Generating electricity from the sea
Waves may not be that predictable, even though technology and forecasting has improved (from World War II, when wave forecasting began in earnest, thanks to the requirements of the D-Day landing, up through the sophisticated models used by sports organizations like Surfline today), but the tides are thoroughly predictable.
We have very accurate charts detailing high and low tides, know how they shift each day, how much above the average high or below the average low they will be. This means making electricity from the ocean a thoroughly enticing idea, even if it’s one that hasn’t really been acted on.
Broadening things slightly, exploiting tidal power to do useful work is something humans have been doing for literally millennia. The Romans may have used water wheels powered by man-made tidal pools to grind grain. Skip ahead quite a ways: It wasn’t until the mid-1960s that the first large-scale tidal power plant was developed.
Let’s leave the long history aside and look to the recent past, today, and the future: What’s going on with wave power and tidal power right now, and will this ever have anything but a niche or very geographically-specific role in a low-carbon future?
Making electricity from the forces of the ocean can be split into broad categories, tidal power (which taps the very predictable action of the tides, primarily being a function of the relationship between the Earth and the Moon, though influenced by geography, shoreline, and wind) and wave power (which are generated by wind, influenced strongly by geography, as well as, in terms of breaking waves, by tides).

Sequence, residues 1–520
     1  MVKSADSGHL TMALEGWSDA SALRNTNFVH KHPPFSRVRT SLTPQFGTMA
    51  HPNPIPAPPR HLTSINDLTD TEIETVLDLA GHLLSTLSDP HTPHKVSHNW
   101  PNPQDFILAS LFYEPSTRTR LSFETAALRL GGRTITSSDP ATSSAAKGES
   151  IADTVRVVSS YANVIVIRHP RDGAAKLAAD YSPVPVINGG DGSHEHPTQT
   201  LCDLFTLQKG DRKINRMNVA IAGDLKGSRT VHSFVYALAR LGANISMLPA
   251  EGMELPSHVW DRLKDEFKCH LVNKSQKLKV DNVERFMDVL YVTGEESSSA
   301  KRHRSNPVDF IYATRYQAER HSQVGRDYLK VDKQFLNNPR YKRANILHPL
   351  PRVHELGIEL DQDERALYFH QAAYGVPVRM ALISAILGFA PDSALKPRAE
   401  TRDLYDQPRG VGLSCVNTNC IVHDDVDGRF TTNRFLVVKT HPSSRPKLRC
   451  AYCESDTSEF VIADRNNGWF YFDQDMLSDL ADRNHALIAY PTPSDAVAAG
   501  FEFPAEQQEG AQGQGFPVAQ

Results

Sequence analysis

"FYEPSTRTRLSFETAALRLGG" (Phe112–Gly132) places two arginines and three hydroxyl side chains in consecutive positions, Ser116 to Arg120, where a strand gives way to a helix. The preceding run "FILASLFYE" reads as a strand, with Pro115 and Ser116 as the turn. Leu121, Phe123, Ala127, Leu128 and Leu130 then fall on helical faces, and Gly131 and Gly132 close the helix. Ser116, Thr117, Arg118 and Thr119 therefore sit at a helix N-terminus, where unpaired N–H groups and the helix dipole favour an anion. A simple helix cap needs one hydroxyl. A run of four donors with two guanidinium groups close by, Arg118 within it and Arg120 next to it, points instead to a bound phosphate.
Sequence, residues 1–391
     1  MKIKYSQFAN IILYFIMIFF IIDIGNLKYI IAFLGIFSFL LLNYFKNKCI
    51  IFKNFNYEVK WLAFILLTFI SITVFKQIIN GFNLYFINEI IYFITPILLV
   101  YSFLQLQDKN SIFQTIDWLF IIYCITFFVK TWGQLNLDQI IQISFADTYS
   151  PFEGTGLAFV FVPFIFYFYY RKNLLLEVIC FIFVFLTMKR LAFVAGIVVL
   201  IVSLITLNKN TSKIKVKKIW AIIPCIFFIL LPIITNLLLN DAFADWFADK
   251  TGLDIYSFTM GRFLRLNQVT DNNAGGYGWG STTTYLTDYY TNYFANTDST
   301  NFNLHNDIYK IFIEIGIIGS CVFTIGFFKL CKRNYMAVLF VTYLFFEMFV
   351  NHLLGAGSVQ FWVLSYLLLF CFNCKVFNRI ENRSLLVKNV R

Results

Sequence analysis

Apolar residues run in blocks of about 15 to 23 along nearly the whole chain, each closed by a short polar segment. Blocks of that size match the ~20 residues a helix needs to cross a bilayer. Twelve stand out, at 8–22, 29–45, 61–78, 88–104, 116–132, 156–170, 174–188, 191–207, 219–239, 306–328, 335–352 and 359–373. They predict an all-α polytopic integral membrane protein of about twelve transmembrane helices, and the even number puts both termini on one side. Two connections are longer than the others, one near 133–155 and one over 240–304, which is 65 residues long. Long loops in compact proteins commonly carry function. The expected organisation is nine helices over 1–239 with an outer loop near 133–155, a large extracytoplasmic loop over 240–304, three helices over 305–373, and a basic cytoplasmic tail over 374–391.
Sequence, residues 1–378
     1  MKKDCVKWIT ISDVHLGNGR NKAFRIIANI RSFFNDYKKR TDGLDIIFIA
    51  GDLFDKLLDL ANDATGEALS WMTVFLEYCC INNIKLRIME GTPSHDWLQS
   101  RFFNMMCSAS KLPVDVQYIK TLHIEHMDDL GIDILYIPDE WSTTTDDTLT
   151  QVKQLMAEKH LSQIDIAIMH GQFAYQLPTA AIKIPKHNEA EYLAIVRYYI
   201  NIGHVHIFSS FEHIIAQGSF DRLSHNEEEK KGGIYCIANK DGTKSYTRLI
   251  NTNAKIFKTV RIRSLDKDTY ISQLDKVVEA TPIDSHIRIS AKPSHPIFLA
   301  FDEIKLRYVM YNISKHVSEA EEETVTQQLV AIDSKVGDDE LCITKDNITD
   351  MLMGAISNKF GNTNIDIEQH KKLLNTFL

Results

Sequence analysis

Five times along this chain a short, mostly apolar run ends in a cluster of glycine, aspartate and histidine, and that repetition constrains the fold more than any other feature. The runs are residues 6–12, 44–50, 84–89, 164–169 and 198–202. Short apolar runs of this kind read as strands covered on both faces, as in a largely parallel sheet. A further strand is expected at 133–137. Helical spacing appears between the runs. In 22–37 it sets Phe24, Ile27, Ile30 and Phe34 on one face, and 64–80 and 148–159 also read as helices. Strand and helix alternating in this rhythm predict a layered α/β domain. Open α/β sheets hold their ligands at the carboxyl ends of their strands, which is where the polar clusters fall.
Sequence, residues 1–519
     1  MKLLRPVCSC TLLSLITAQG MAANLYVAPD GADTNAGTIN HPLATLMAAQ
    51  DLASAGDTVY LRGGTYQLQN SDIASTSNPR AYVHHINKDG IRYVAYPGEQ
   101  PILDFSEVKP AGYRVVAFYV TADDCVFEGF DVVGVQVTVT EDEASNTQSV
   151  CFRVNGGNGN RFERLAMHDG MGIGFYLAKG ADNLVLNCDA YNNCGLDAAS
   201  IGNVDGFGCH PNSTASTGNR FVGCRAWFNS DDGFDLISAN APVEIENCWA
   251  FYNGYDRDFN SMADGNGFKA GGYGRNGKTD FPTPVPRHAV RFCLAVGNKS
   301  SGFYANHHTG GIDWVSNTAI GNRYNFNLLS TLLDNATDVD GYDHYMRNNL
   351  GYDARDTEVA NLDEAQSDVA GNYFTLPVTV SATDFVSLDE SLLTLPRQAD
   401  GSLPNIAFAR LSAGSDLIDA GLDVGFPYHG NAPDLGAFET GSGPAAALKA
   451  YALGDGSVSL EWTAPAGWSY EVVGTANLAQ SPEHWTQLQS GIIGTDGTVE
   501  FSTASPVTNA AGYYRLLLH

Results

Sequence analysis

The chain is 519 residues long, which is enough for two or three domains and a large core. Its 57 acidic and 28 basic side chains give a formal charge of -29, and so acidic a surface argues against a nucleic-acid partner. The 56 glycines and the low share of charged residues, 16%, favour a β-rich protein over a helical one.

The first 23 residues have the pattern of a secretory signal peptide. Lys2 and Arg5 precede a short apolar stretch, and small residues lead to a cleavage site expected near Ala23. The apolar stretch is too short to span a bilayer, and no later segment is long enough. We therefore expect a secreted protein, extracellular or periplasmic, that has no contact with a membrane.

We’ll get into this is more detail, but wave power generally uses some sort of mechanical device that is moved by the waves well outside the surf zone to generate electricity — there have been many different designs to do this; tidal power either uses some device placed in the steam of the moving tide to generate electricity, or some sort of dam-like arrangement to channel or contain the water and then turn a turbine.
You sometimes here the term ocean power used, but in general this is being used as a synonym with wave power (devices marketed as ocean power are relying on waves to make electricity), or as a catch-all term for both wave power and tidal power technologies. I’ll use it here in the latter sense.
Let’s deal with wave power first. It’s the flashier of the two variations of ocean power, although it’s also the least proven one at scale, and probably the one with the lesser potential — even if its developers would have you believe otherwise.
There have been all sorts of interesting looking (and sounding) devices developed to make electricity from waves: The Anaconda, the Limpet, the Oyster, the Pelamis Wave Energy Converter, the Power Buoy, the SeaRaser, the Wave Dragon.
The individual configurations of these devices vary, but you can sort of tell by their names what’s going on. The Anaconda is a large snake-like device that’s tethered underwater, generating electricity as it moves. The Oyster is a big clam-shell looking device that gets moved back and forth by the movement of water.
The Power Buoy moves up and down on the surface the water, the movement generating electricity. The SeaRaser does what its awful pun on a name implies: In one operating mode it can pump sea water up a nearby hill for storage until electricity is needed, generated by letting it flow back down hill, in a pumped storage arrangement; it can also generate (less) power by just powering a turbine at sea level.
Over the past several years many prototypes of these, pilot projects, and even small commercial versions have been deployed. But none have frankly amounted to much of anything.